Cognitive Development: The Child's Acquisition of Diagonality

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Psychology Press, 1996 - Psychology - 220 pages
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When this book was first published, David Olson was examining the developing representation and use of diagonals in the context of much larger questions, questions also explored by Vygotsky, Cassirer, Gombrich, and Bruner. These include such issues as conceptual development, conceptual change, and stage-like transitions in one's knowledge and belief. Some of these problems remain at virtually the same stage of solution to this day. Other problems have indeed been solved or at least come closer to solution, leading the author to think about the precise cognitive representations that allowed for the cognitive growth he examined in such scrupulous detail.

The author hopes that both readers and re-readers of this volume will be led to wonder -- as he did while working on the book -- just what there is about a simple diagonal that makes its reproduction so difficult. In so doing, readers will again be reminded of the remarkable resources that children bring to bear on their understanding of the world as well as the blind spots that no simple telling can quite fill in.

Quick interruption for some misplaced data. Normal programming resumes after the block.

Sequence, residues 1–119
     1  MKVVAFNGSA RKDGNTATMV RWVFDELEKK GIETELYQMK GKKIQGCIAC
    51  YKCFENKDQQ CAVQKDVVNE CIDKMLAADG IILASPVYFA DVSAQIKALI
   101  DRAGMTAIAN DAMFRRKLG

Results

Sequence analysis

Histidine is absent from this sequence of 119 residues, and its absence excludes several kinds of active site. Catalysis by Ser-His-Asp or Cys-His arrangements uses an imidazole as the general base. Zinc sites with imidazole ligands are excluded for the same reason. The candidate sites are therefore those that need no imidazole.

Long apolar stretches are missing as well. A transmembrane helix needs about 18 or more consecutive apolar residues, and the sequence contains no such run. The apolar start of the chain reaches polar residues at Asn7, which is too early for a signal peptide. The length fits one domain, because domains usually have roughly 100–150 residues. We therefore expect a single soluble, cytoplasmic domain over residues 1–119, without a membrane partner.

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Contents

Section 1
1
Section 2
9
Section 3
11
Section 4
18
Section 5
20
Section 6
24
Section 7
25
Section 8
26
Section 15
125
Section 16
132
Section 17
140
Section 18
142
Section 19
144
Section 20
147
Section 21
149
Section 22
150

Section 9
37
Section 10
41
Section 11
56
Section 12
76
Section 13
96
Section 14
109
Section 23
158
Section 24
163
Section 25
172
Section 26
173
Section 27
183

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About the author (1996)

Olson is University Professor and Professor of Applied Cognitive Science at the Ontario Institute for Studies in Education of the University of Toronto.

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